Next Trend in Oil & Gas Safety – Rust Never Sleeps

As oil and gas enters its fourth year of downturn, there are a lot of safety trends to be concerned about – the impact of cuts; an overworked, overstressed workforce; and training new workers once business picks up to name a few.   Here’s a new one:  things are wearing out.

Credit for pointing this out goes to David Yaeger, who wrote about it  for Oilprice.com.  The basic concern – our production facilities, our pipelines, our infrastructure is made of iron and steel, tons and tons of it and much of it is getting pretty old.   For example, Yeager cites the projections of Suncor on the costs of maintaining or decommission aging facilities:

For decommissioning and restoration costs Suncor estimates $382 million for 2017 and $419 million for 2018. This stays about the same through 2021. But the figure for 2022 and beyond is $9.6 billion and the total is $11.7 billion.

Let’s remember, 2022 is just five years off and that $11.7 represents nearly 20% of the book value of Suncor’s assets.

An early warning of the costs of maintaining aging oil and gas infrastructure came when investment guru Matthew Simmons spoke to the Offshore Technology Conference in 2008.  It is worth a read.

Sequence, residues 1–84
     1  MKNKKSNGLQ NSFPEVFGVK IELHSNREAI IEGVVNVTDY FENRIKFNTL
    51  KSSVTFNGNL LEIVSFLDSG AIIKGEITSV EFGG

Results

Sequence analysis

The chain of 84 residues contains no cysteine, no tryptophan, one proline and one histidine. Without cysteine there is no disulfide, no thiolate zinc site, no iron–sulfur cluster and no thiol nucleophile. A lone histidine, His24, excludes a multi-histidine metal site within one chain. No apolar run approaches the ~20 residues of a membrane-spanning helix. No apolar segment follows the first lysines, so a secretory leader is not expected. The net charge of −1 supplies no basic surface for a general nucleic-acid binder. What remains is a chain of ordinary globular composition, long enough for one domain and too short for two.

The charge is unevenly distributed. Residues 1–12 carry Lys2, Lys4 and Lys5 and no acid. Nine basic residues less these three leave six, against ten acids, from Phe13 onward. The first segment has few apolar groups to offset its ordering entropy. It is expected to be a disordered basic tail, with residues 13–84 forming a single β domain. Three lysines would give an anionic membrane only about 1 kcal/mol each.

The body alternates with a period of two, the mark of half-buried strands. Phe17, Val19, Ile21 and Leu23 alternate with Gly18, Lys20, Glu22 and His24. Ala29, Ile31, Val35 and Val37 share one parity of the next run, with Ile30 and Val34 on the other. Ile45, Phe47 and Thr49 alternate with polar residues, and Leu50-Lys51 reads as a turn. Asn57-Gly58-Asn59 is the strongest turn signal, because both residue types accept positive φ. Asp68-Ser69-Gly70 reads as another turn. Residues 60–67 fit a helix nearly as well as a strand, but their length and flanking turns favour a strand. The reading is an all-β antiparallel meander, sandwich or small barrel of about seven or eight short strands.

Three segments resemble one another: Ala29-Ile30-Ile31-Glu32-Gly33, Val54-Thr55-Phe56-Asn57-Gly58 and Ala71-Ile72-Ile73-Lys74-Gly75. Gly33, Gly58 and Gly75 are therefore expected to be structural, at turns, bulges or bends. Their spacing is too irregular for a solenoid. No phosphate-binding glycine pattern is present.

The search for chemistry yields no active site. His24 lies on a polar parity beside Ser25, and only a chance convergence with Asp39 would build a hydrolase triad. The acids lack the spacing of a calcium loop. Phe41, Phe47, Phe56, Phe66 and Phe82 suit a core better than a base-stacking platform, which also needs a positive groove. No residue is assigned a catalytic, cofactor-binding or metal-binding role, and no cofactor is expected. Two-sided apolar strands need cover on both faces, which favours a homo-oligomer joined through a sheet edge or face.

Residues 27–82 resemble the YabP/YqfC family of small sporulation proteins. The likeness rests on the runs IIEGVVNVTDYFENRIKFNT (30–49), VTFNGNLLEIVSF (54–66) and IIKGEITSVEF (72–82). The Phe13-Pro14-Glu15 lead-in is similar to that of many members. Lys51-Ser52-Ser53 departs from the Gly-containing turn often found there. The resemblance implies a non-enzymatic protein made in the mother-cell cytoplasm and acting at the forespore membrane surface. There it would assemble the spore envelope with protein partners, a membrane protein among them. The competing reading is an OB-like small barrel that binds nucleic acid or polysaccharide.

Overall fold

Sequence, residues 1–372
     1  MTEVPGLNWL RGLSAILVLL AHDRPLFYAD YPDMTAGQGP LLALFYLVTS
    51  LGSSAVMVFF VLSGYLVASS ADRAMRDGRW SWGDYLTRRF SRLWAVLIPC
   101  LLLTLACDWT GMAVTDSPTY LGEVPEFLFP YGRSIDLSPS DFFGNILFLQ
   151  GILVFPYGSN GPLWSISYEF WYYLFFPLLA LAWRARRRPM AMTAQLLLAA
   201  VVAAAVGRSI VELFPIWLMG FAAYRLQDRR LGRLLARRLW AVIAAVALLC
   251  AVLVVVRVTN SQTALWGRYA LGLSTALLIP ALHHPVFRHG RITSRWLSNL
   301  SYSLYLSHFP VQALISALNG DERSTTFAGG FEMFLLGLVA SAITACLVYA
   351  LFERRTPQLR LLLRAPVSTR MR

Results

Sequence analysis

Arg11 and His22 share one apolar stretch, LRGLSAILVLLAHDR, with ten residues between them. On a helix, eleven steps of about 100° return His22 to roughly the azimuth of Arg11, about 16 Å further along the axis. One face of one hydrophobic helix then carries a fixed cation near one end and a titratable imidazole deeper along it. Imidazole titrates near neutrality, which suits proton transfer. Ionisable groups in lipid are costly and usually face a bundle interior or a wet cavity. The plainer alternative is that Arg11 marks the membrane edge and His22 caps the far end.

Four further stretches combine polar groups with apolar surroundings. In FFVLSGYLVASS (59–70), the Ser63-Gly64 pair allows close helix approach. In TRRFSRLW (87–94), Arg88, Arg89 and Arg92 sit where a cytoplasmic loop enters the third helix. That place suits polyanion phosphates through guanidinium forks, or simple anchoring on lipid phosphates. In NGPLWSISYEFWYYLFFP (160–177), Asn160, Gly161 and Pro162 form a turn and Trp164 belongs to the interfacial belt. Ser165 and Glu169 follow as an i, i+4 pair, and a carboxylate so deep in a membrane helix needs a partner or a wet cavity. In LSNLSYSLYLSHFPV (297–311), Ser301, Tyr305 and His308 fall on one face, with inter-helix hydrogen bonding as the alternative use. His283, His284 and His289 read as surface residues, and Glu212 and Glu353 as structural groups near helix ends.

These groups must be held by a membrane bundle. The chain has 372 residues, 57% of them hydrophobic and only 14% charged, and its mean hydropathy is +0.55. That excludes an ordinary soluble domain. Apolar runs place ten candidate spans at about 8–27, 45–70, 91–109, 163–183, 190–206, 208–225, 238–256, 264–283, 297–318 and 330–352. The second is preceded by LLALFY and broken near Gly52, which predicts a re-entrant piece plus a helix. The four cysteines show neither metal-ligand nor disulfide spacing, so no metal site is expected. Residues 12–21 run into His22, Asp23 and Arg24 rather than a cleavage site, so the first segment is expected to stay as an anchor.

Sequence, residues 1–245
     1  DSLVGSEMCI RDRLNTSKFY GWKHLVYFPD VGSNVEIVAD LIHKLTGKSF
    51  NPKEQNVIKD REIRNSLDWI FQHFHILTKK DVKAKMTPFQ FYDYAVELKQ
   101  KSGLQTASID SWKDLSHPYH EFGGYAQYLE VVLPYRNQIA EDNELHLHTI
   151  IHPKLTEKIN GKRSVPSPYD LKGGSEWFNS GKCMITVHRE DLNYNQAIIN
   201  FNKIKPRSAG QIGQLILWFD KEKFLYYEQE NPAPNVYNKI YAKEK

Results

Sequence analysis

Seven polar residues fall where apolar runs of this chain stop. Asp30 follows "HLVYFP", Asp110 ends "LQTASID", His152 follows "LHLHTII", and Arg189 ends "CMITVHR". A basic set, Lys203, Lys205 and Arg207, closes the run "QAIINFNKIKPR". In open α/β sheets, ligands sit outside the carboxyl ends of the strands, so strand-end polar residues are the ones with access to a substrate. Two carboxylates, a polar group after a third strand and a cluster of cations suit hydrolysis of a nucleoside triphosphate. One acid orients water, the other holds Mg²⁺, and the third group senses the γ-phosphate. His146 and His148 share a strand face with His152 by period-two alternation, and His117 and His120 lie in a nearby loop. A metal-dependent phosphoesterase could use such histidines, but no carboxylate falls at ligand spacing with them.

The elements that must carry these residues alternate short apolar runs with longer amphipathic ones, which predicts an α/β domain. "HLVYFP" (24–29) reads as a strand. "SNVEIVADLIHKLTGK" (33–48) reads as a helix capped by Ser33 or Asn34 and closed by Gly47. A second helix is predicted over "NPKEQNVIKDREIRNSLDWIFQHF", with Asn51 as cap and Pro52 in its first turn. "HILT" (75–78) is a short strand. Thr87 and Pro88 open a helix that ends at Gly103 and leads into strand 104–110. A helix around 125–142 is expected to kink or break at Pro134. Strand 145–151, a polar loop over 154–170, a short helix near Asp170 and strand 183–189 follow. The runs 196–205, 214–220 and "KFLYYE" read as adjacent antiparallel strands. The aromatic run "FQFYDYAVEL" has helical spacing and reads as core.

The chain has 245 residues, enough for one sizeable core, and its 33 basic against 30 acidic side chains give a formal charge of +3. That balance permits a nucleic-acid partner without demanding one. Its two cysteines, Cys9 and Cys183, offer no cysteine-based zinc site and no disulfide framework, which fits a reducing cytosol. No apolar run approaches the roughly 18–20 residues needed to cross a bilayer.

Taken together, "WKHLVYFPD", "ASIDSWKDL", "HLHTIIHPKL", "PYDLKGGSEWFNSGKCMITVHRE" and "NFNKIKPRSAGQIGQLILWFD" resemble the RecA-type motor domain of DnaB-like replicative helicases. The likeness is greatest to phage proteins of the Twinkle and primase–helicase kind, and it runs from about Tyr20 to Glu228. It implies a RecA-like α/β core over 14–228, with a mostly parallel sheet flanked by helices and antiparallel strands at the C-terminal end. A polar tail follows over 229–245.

The enemy is corrosion.   Metal becomes brittle.  Equipment begins to leak and there is an increased risk of explosions. As wells play out, brine makes up a higher percentage of the output.   Sweet oil becomes sour.  All of this speeds up corrosion.

The advances in shale recovery and in identifying offshore oil and gas indicates that we have more reserves than we thought.  Yeager and Simmons warning is that it may not be the supply that gives out; it may be the infrastructure to produce and transport it.

From a safety standpoint, it is important to understand the life-cycle of equipment.  If your car is new, you generally just worry about changing your oil and rotating your tires.   If you have every driven a car with more than 200,000 miles, you know how important it is to pay attention to every funny noise and signs of wear-and-tear.  Similarly energy companies need effective, expert maintenance programs.  Safety programs need to incorporate the risk of critical equipment failures.  Key systems need to be taken out of service periodically for inspection and maintenance.  Aging infrastructure can be managed, but the potential hazards need to be recognized and addressed in a systematic way.

 

 

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